The Phoenix Herpetological Society is celebrating the first
breeding of rare Nile crocodiles. Cronkite
News says, the birth of 11 crocodiles is a boost for a species that’s
increasingly rare in the wild.
A piece of
9/11 history will soon be taking root in Prescott. The city was presented with
a seedling Wednesday from a tree rescued from the rubble of the terror attacks
in New York City. Prescott received the gift in honor of its resiliency after
the loss of 19 elite fire fighters in June.
The Tucson Unified School District has been under court supervision for decades as part of a mandate to desegregate its schools. This week, the district proposed a new part of the admissions process for the selective University High School.
A Kingman man is recovering after falling off a cliff while
he was trying to run from police. Mohave County Sheriff’s deputy Rusty Cooper
says 30-year-old Michael Caughlin faces a number of charges after driving off
when he was stopped, and running away on foot when his car got stuck.
It's the latest on the stalled merger between American Airlines and Tempe-based US Airways. The carriers had high hopes of completing that merger by the end of this month, but a suit filed by the Department of Justice and several states including Arizona has put those on hold.
( Phoenix, AZ ) The U.S. Supreme Court ruled 5 to 4 against a key component of Arizona's public campaign finance system called Clean Elections. Justices found a matching funds provision burdens privately financed candidates and third party groups.
Splitting up is never easy, but now divorce is a nightmare. Roughly three million marriages have ended since the nation’s housing crisis began. And lawyers have little choice but to write provisions into divorce decrees that can tie estranged couples together for years after the marriage is over.
Lynda Bergsma, director of the State Office of Rural Health program at the University of Arizona, talks to host Steve Goldstein about the decline in rural healthcare and the effects on Arizona residents.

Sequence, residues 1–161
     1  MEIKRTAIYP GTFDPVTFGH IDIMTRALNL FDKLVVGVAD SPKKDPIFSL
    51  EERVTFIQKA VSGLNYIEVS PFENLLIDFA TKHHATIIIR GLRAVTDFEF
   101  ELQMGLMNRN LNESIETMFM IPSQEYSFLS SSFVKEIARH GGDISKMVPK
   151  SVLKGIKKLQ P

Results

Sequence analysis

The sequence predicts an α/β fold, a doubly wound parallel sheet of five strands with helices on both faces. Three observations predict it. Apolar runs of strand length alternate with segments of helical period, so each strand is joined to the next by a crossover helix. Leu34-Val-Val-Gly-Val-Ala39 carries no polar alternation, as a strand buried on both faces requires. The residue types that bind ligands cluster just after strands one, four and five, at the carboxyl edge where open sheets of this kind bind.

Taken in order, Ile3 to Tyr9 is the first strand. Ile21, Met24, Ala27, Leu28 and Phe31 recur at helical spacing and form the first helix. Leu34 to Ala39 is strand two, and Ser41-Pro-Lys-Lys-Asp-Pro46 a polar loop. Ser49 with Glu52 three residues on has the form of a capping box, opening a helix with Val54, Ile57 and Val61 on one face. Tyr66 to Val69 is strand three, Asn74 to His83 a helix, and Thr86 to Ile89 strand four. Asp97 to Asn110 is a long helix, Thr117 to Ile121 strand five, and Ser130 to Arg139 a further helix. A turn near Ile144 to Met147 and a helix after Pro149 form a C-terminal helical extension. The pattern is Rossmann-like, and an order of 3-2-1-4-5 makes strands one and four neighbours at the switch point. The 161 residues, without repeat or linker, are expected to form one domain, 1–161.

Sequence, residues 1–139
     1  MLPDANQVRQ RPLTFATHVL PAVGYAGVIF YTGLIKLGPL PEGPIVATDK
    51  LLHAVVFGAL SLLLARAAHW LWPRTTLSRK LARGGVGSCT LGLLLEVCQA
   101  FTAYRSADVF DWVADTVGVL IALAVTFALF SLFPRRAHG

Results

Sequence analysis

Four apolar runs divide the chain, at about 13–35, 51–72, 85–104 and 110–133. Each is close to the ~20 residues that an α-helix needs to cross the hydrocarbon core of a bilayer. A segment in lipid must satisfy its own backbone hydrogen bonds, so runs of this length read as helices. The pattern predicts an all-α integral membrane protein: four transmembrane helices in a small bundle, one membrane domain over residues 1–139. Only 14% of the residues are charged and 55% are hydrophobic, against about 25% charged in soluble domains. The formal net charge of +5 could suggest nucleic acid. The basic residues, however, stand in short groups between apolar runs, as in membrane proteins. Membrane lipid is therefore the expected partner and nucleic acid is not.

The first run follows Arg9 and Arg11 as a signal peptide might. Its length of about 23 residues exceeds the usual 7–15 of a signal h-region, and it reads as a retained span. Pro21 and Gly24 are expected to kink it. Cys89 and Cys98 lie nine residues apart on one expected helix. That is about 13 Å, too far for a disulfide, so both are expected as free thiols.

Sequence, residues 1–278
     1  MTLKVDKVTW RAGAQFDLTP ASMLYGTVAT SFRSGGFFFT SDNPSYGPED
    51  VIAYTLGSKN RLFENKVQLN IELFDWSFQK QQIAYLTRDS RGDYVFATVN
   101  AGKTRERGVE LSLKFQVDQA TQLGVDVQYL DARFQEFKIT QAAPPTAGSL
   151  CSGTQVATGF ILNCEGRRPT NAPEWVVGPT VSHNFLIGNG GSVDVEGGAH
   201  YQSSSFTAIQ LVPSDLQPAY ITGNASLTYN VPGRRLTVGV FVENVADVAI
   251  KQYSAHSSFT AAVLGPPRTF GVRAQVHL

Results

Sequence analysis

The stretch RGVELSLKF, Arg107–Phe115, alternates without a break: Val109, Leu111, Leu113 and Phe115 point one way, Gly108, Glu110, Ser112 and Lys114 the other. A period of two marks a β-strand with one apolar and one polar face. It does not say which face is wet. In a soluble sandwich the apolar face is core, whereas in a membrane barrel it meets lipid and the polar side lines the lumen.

This month, Phoenix residents elect a new mayor. We decided it was the perfect time to profile some of the neighborhoods in this unique and sprawling city.We began by having a conversation with outgoing Mayor Phil Gordon about his eight years leading Phoenix and what he learned about its communities.
KJZZ's Theatre Critic reviews Hale Center Theatre's production of Little Shop of Horrors which runs through August 27th. Robrt Pela is a columnist at New Times and a staff writer at Latino Perspectives Magazine.
Host Steve Goldstein talks to Congressman David Schweikert about whether the Debt Deal can be relied on to not only lower the nation's debt, but keep if from getting out of control again in the future.
Steve Goldstein talks to Will Humble, director of the State Department of Health Services, and epidemiologist Dr. Beth Jacobs about the importance of vaccinations...they address the concerns over vaccinating children, flu shots, and the importance of community health.
Lawyers for the Mesa resident challenging the candidacy of Olivia Cortes in the recall election of state senate president Russell Pearce say they’ll bring their evidence to the Secretary of State and County Attorney’s office.
Arizona lawmakers approved phasing out a Medicaid program for 6.000 Arizonans with serious medical conditions. Bill and June Nelson were hoping to survive six months until they could enroll in a new federal insurance program.
Child care advocates are asking Governor Jan Brewer to restore almost 14 million dollars that were cut this year from child care subsidies…used by low income parents. The current state budget eliminates all general fund support for the program.
Host Steve Goldstein talks to Maricopa County Attorney Bill Montgomery and Arizona Republic columnist Laurie Roberts about the Child Protective Services Task Force, and what can be done to better protect children in Arizona.